Davidson College is today announcing that it will change future financial aid packages so that students will no longer need to borrow anything.
While several elite private universities and flagship public universities have effectively eliminated loans for students from low-income backgrounds, these programs (except for the one at Princeton University, which applies to all) typically have income limits. Davidson would be out front of other liberal arts colleges, including some with much larger endowments.
The move comes at a time that many colleges are rethinking their aid and loan policies. Just last week, Hamilton College, for example, announced that it was eliminating all merit scholarships and shifting the funds to need-based aid. Among the reasons Hamilton cited was a belief that demographics in the years ahead would require greater support for need-based financial aid.
Demographic projections also influenced Davidson. "We are concerned by the faces not applying to Davidson because they don't believe that the college is affordable," said Christopher J. Gruber, vice president and dean of admissions and financial aid.
Gruber said that the college has noticed a shift in recent years among would-be applicants from the lowest income families. It used to be possible to get such students to apply, tell them about the availability of financial aid, and then at the time of admission explain how an aid package would make the college affordable, Gruber said. Then the admitted applicant would be comparing aid packages, and Davidson's was favorable, he said.
Now, he said, more would-be applicants -- when they hear about the costs (total for next year will be close to $41,000) -- are not applying at all, fearing that the only way they could end up with an aid package would be with one that had lots of loans.
"These students weren't even applying to us," Gruber said. Indeed the latest data posted about the college at the Economic Diversity of Colleges Web site shows relatively low figures at the college for low-income families and Pell Grant recipients.
Looking ahead, more students in the age cohort for a residential liberal arts education are going to come from low-income families, he said, so the college wanted to position itself for them. Davidson is already among a small group of private colleges with need-blind admissions, meaning that need for financial aid is not a factor in admissions decisions and it has a policy of meeting the full need of admitted applicants.
Notably, Davidson had already taken steps to limit loans. Last year, the college adopted a policy of limiting the loan component of aid packages to $3,000 a year. (The new policy cut student debt over four years by $7,000. Previously, loan limits started at $4,000 for freshmen, going up $500 a year, so that after four years students graduated with $19,000 in debt.) While the decision to eliminate loans completely will cost the college an additional $3.5 million, Gruber said it was worth it to take loans out of the equation entirely.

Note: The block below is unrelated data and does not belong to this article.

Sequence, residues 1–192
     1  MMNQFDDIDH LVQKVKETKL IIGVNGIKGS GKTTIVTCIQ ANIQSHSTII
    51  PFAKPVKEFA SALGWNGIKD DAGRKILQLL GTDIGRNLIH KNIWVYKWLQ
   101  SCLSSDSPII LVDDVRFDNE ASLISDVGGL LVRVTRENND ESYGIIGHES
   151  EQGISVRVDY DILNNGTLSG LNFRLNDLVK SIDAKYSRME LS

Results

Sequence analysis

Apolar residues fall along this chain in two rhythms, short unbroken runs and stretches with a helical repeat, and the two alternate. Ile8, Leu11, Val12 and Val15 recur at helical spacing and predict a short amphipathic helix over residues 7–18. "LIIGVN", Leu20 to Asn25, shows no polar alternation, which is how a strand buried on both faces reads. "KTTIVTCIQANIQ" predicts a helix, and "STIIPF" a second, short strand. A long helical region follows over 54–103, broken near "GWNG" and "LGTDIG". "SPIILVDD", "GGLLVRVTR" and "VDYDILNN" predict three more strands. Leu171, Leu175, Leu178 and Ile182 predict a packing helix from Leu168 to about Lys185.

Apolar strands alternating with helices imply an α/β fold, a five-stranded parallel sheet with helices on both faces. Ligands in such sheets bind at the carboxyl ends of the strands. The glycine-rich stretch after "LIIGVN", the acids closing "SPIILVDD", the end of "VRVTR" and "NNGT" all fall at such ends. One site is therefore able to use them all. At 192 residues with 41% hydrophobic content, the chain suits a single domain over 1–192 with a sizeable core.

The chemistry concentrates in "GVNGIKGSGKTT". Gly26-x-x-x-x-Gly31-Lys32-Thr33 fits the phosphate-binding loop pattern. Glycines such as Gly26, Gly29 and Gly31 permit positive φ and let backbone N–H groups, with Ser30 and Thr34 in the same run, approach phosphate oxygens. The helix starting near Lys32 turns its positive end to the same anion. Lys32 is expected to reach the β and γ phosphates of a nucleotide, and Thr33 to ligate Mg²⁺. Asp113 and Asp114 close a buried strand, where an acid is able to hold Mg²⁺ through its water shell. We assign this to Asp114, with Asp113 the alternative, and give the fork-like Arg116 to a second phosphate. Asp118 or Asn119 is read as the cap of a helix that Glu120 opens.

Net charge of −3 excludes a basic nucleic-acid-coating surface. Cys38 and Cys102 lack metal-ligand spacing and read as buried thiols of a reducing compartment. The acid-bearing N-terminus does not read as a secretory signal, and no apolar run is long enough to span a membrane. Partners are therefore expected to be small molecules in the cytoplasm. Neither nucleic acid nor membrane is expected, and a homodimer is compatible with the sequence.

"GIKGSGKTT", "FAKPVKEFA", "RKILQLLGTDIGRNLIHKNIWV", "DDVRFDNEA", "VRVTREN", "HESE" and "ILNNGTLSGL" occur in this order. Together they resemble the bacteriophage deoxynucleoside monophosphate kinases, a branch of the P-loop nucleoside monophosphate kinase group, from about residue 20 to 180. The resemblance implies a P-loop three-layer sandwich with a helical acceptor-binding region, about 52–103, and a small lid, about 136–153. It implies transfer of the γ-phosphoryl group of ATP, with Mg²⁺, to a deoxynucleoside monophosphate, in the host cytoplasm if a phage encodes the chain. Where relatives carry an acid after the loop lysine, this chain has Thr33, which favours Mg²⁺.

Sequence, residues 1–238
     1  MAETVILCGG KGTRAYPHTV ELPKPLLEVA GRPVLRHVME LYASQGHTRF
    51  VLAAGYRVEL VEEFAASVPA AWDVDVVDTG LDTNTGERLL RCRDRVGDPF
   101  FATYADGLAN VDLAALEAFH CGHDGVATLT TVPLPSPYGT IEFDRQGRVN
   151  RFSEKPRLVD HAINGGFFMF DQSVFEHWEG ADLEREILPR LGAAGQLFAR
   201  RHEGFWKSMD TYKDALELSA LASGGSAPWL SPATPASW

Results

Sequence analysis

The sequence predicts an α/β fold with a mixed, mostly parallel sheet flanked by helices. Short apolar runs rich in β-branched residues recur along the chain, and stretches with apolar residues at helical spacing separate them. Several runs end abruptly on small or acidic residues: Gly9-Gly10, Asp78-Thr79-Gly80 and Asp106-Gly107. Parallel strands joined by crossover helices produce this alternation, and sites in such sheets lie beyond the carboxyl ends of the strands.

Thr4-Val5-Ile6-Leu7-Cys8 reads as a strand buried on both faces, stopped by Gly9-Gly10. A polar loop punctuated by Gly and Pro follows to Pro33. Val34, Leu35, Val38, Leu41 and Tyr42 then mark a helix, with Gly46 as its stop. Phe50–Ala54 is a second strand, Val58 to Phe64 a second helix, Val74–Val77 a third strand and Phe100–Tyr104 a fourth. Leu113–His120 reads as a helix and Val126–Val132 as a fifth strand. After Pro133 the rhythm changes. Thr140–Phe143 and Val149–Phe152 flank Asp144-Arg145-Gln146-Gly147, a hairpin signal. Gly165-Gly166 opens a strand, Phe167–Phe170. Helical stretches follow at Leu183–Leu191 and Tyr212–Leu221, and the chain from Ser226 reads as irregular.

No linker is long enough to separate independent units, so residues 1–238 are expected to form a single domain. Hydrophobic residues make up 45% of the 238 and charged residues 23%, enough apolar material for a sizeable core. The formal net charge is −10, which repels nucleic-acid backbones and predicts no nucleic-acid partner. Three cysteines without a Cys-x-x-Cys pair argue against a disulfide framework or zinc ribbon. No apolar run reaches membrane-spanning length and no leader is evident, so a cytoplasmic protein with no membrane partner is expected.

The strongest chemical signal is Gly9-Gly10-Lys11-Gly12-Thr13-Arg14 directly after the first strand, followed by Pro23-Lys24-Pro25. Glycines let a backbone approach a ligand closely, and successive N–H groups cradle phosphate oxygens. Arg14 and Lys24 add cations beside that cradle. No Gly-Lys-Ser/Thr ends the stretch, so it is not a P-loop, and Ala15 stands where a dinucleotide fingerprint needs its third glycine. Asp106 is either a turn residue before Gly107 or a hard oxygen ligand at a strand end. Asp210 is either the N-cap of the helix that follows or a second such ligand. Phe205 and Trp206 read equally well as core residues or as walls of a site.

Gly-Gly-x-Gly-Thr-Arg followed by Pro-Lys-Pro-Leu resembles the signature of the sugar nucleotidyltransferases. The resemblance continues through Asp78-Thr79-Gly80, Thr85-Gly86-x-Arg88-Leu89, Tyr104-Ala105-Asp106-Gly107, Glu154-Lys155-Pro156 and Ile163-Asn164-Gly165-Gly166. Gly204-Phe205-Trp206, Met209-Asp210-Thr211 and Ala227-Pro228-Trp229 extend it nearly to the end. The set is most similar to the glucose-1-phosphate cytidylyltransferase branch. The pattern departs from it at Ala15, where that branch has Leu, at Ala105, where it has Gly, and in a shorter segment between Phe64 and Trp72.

Gruber said that he thought there was a chance other liberal arts colleges might match the policy, and that it would be "beautiful" if that happened.
One aid expert, asked about the shift, questioned whether it made sense to completely eliminate loans, when some students and their families could afford modest loans.
But an economist of higher education said he saw the logic to the move. Michael McPherson, president of the Spencer Foundation and former president of Macalester College, said that many private colleges these days focus on "how to get more paying applicants," so it is commendable for a college to be thinking about ways to get more low-income students.
McPherson said there is evidence that a very simple message can have a big impact. In 2004, Harvard University announced that it was eliminating all expected contributions from the families of students with family incomes of up to $40,000 (a level since increased to $60,000 ). When the university adopted its policy, it saw an immediate increase in the proportion of new students from low-income families.
Before Harvard had its new policy, it was also giving very generous aid packages to students in this group, probably identically good, McPherson said, but applicants responded to the simplicity of the revised policy. "Anyone could have seen that if you got into Harvard, you would be able to afford it, but it seems true that when they publicly stated in a new way what they were already doing, they got a lot more of these applicants," McPherson said.
A straightforward message "can be effective," he said.
Robert F. Vagt, Davidson's president, said it was also important to send a message to those who enroll about their post-graduation options. In the last year, he said, he has heard from at least six seniors who told him that they wanted to be teachers or work for a nonprofit group or take some socially valuable, but financially not so lucrative, job. "They are telling me, 'I can't afford to do that,' " Vagt said. "Debt is affecting students' choice of careers," he said.
By combining the need to attract low-income students with the goal of encouraging all students to consider service-oriented jobs, Vagt said, "this is the right thing to do."